With my musical stay in Belfast over, it's clear that  it's a music city up there with the best of them. OK, so there's no Beatles or Factory, but Belfast has been silently churning out musicians for the past 50 years and the city's finally found the voice to start shouting about it.

Stay

If you like stylish and contemporary I'd recommend Dukes at Queens which is sandwiched between the lovely Botanical Gardens and the lively student area. Don't be put off by the phrase 'lively student area' I don't mean youths running round with traffic cones on their heads, think small cafes and bars and a pleasant place to spend an afternoon.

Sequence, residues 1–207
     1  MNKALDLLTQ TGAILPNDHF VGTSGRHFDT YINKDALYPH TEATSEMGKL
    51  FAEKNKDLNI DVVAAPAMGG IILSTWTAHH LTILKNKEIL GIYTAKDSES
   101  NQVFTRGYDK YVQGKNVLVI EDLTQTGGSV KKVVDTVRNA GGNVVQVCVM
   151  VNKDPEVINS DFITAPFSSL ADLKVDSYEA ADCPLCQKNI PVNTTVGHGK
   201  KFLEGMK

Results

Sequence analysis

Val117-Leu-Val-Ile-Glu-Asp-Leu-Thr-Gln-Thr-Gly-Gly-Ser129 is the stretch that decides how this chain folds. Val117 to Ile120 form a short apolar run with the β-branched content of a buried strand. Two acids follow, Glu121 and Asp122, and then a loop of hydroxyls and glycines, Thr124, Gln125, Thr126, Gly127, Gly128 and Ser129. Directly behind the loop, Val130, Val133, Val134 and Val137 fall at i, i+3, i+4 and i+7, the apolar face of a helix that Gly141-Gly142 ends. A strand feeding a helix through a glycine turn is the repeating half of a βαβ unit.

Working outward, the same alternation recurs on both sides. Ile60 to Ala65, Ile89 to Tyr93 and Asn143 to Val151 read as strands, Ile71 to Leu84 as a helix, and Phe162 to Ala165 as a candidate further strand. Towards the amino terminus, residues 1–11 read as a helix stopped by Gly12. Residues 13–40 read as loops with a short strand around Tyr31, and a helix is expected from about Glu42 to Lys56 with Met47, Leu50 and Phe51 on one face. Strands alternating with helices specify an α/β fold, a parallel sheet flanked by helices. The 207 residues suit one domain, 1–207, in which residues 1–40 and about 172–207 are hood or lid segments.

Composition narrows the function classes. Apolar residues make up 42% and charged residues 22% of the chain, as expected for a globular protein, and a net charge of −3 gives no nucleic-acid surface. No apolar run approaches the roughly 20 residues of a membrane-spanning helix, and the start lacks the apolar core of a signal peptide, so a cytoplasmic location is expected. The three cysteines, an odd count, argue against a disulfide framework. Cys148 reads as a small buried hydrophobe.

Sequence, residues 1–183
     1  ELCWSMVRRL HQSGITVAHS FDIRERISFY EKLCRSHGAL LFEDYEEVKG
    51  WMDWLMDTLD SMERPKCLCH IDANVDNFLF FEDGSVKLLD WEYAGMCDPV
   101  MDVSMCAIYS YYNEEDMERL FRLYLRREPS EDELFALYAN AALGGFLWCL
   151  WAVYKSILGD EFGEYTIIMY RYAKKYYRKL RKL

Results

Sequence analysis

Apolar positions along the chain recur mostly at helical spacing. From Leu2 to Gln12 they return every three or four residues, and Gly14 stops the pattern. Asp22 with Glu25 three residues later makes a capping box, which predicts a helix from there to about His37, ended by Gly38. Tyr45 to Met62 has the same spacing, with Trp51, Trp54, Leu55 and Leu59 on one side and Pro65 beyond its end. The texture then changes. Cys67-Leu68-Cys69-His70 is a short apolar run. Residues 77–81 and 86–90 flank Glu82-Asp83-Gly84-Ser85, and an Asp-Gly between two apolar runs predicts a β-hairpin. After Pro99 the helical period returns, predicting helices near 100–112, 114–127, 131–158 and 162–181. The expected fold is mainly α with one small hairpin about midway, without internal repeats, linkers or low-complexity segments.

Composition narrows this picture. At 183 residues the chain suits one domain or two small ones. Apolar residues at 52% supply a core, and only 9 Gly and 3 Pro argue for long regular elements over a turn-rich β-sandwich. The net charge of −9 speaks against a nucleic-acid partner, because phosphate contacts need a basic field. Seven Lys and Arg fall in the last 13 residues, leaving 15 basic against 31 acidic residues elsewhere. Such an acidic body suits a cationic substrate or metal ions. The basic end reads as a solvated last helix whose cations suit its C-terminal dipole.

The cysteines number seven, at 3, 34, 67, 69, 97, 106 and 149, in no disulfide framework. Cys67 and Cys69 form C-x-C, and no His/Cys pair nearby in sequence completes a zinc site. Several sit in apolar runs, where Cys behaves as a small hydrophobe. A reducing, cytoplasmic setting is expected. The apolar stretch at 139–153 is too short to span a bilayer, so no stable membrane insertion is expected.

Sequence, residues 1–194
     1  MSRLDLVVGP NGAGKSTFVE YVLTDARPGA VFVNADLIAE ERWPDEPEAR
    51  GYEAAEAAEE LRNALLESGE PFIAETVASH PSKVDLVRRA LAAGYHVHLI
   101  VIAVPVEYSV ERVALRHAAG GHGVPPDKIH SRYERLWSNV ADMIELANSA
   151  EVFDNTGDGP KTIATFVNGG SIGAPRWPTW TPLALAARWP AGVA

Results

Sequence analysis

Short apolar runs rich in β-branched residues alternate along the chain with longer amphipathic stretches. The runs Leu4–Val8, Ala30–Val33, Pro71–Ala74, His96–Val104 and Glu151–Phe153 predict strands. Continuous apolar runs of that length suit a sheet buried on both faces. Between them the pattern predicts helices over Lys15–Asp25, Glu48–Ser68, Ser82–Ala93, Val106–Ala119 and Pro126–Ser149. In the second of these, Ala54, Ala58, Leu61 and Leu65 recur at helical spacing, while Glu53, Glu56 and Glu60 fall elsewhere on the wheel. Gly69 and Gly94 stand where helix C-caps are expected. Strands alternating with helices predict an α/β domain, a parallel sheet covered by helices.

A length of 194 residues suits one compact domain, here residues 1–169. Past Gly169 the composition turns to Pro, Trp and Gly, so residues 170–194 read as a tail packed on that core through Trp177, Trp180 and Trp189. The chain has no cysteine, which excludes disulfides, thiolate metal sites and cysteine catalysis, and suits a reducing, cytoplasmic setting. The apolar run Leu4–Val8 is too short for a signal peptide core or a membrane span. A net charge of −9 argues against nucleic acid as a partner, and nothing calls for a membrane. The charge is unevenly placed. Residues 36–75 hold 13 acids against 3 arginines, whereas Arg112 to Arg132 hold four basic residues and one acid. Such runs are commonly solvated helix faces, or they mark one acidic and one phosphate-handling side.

Eat

Belfast has access to some of the finest seafood around, so you may as well eat it whilst you're there. Mourne Seafood in the heart of the city is superb and reasonably priced and gets the thumbs up from me

Drink

As I mentioned back at the start, I took the time out to investigate Belfast's watering holes just for you.

The Crown on Great Victoria Street is popular with the tourists on account of it's stunning Victorian tiling, stained glass, ornate bar and gas lighting. Whilst it's a great pub, the beer isn't.

John Hewitt on Donegal Street is another worth a visit, and although again I had a bad experience with the beer the fact it's owned by the Unemployed Resource Centre and all the profits go to fund it's work with the unemployed, makes it worthy of spending one's money there.